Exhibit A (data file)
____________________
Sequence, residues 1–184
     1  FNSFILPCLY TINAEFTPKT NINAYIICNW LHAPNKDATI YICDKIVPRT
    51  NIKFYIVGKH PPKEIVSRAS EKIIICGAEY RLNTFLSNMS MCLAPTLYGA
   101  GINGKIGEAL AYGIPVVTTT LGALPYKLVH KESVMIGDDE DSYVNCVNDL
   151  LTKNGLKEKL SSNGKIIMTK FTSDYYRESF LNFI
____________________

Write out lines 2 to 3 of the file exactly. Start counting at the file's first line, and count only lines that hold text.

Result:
     1  FNSFILPCLY TINAEFTPKT NINAYIICNW LHAPNKDATI YICDKIVPRT
    51  NIKFYIVGKH PPKEIVSRAS EKIIICGAEY RLNTFLSNMS MCLAPTLYGA